Figure 1.

Part of the DNA sequence that comprises the mitochondrial genome of the common green darner dragonfly (Anax junius). Each large peak represents an individual base, and the corresponding sequence is written along the top of the image.

Figure 2.

A DNA sequence that includes a microsatellite repeat motif that was isolated from the cattail Typha latifolia (Ciotir et al., ). The microsatellite, which is (AT)12 – in other words twelve repeats of the motif ‘AT’ – is underlined. The number of ‘AT’ repeats at each allele is the main determinant of the allele length. The flanking sequences in bold show the DNA sequences to which the primers anneal when this microsatellite allele is being amplified during PCR.

Figure 3.

An electropherogram, from which the sizes of microsatellite alleles can be determined through comparison to size standards, which are DNA fragments of known sizes. In this figure, the allele sizes represent an individual that is heterozygous at this particular locus, with one allele of approximately 174 bp in length, and the second allele approximately 176 bp in length. Within the sequences amplified at this particular locus is a microsatellite motif ‘AT’. The difference between the sizes of these two alleles results from one additional ‘GC’ repeat in the 176 bp allele compared to the 174 bp allele. The relative fluorescent units (rfu) on the y axis refers to the intensity of the DNA fragment: when more DNA is loaded on the genotyping machine, the rfu (peak size) will increase.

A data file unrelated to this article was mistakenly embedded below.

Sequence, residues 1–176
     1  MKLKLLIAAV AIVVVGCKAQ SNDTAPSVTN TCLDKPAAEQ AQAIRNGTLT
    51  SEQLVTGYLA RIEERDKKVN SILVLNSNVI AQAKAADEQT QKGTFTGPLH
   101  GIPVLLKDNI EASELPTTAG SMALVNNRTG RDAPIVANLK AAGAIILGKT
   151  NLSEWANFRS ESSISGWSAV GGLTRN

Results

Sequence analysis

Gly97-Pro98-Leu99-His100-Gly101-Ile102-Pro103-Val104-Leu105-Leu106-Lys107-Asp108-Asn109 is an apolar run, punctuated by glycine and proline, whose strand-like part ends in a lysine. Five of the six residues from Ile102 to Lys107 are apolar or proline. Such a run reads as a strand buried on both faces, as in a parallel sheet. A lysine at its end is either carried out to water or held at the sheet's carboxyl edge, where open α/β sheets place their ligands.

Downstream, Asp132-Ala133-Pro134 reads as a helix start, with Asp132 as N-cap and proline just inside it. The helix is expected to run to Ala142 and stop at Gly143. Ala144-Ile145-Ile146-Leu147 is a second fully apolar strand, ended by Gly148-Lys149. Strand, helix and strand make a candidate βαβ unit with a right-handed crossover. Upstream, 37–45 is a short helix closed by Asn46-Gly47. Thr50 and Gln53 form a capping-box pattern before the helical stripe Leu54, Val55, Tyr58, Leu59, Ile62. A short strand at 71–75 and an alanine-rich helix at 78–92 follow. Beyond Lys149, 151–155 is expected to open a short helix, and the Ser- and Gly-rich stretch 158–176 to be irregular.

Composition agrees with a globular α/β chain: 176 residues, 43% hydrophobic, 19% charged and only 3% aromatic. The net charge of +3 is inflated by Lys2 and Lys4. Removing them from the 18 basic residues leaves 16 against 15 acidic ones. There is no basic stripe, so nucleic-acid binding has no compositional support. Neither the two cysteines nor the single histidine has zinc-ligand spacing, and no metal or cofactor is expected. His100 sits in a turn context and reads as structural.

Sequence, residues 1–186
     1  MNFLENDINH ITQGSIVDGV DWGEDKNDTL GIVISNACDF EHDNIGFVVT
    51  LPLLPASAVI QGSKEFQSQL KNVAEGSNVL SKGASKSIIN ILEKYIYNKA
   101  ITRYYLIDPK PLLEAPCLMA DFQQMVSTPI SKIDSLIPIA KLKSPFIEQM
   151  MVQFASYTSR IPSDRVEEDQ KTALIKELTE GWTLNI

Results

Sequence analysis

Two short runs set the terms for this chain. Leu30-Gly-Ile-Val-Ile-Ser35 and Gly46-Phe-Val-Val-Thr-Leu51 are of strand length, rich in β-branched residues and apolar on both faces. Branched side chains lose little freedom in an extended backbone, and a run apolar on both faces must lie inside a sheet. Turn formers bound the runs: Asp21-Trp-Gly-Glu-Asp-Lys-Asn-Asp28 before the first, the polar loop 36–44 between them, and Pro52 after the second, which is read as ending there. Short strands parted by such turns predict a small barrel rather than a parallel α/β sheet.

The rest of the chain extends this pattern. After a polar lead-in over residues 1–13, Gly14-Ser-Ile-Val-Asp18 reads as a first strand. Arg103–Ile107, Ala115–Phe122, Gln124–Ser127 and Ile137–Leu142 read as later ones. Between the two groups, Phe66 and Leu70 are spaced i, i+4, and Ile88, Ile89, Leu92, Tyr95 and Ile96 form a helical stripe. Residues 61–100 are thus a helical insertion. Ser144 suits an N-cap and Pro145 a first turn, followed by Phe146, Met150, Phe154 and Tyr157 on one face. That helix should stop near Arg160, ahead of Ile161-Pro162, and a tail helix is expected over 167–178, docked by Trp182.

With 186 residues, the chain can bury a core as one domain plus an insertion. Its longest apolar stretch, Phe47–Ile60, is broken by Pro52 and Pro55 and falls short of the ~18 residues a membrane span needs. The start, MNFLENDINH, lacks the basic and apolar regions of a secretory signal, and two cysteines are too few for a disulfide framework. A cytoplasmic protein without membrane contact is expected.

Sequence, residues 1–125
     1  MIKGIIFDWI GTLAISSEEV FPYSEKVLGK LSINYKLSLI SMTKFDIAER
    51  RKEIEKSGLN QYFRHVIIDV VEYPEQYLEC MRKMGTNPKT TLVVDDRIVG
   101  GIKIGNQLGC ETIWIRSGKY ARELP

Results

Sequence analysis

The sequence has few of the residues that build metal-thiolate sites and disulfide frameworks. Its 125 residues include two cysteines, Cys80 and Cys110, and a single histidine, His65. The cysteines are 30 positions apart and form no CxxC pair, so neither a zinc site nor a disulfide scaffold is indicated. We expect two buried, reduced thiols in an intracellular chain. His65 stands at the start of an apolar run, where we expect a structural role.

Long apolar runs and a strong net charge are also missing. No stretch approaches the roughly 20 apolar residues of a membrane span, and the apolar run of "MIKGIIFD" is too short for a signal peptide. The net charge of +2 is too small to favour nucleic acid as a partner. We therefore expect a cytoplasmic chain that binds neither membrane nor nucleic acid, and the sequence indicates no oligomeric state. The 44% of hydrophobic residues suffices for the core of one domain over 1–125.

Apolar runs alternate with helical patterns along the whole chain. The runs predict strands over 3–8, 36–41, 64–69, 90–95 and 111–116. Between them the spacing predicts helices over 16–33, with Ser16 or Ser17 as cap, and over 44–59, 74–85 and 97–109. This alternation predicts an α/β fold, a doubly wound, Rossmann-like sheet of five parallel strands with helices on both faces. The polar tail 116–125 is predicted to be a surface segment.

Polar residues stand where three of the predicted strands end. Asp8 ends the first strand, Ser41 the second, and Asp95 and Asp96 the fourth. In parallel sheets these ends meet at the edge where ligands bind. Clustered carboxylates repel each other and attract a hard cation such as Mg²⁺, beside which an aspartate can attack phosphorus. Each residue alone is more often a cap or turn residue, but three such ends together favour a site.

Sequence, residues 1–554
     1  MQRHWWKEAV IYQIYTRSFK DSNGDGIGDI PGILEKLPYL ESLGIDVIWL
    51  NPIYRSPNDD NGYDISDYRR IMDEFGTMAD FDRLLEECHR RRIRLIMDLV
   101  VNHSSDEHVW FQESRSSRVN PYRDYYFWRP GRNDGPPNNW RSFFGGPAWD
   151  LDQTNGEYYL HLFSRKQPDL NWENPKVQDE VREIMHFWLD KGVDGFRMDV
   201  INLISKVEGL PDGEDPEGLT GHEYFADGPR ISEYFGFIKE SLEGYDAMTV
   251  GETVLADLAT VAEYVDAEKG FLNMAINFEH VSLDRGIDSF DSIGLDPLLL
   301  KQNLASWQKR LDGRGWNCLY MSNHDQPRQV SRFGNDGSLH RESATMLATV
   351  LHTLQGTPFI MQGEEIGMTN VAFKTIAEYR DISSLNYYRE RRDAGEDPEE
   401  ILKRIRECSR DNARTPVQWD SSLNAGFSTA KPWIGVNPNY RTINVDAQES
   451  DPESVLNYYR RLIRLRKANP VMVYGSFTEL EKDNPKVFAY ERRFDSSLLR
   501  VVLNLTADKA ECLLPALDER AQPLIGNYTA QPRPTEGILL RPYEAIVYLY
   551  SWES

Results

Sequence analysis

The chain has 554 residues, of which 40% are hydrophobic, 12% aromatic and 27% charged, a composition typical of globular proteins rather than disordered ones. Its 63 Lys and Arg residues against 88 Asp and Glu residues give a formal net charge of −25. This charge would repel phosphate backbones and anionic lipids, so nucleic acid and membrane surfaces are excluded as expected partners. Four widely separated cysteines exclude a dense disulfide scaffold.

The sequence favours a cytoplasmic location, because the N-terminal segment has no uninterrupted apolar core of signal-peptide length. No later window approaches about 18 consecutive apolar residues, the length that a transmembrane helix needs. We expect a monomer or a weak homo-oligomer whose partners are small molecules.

Figure 4.

Results of a structure analysis that was done on orchids sampled from nine sites in Ontario. Each colour represents a genetic cluster, or lineage. In this example, orchids were sampled from nine sites, but Structure analysis concluded that they comprised four genetic lineages (denoted as red, blue, green and yellow). Each genetic cluster was recovered from two or more sites (e.g. the yellow genetic cluster was found in sites 8 and 9). Individuals are represented by vertical lines, and these can be most clearly identified for individuals with mixed genetic ancestry, and which are therefore made up of two different colours, for example, individuals that are half red and half blue comprise roughly 50% the blue genetic lineage, and 50% the red genetic lineage (which is seen in several individuals from each of sites 2 and 3).

Figure 5.